Sets and lights: a look backstage

Marina Kazarian and Adrian Arnaboldi

Behind the scenes of the school’s production of Sophisticated Ladies, members of the crew and set design team have been setting the stage for an exhilarating show with their work on set and lighting design. Their designs will be front and center during the performances of Sophisticated Ladies.

Typically, school shows only have one lighting designer; however, since this was a dance show, the design was a community effort, Sarah Sun (10) said. It included seven lighting designers, each of them working on three or four numbers.

Sun designed light queues, better known as transitions, for four numbers from the show. Light designers sat in on tech rehearsal and have since been working on queues for their numbers, she said.

The queues for Sophisticated Ladies are different than traditional theater queues. This show is very music intensive, so queues were built off the music, Technical Director Naomi Kenyatta (11) said.

In addition to lighting, students worked on physical set pieces. “The directors for Sophisticated Ladies wanted the band to be on stage playing the music with the actors dancing,” he said. “That was the first criteria in terms of designing the set,” Lorenzo Hess (12) said.

        Along with the student crew, the directors of the show chose the designs that the students drew for different set pieces.

“Mr. Sherry, my teacher, gave each of us a layout plan or blueprint of the Gross Theater stage and told us to design a staircase that would leave room for an orchestra,” Milen Nelivigi (10) said. “He left the rest of the artistic choices up to us.”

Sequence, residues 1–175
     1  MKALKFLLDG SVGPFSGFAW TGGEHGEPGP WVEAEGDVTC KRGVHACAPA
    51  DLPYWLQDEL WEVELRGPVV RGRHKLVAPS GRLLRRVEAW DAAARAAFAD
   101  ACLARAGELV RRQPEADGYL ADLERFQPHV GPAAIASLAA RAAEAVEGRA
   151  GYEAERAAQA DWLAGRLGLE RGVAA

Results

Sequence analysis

The choices made for the set are well informed and researched. Nelivigi designed the grand staircase that is the centerpiece of the set. “I based my design off of horns on a viking helmet,” Nelivigi said.

Hess designed the portal, a large opening on the staircase through which actors enter the stage. When Hess designed the portal, he delved into the musical “She Loves Me” for his creation of an arc with piano keys. The production had a scene where the actor pretended that he was dancing in Radio City Music Hall, Hess said.

“I looked up pictures of the Radio City Music Hall and some of it was inspired from that,” he said. “I think the piano arc came out really well and I also think people did a great job designing and putting together the sign, which I helped with.”

For many members of the crew, this was their first time stage designing. “I was a stage manager but I’ve never designed for a real show,” Sun said. Kenyatta has been doing crew since freshman year, but this was her first time designing a set that actually got built, she said.

Sun looks forward to her light queues helping establish the appropriate atmosphere for the show, she said. “I think lighting is very important in a production and I want people to enjoy the show as best as it can be.”

The crew looks forward to seeing their hard work pay off throughout the production.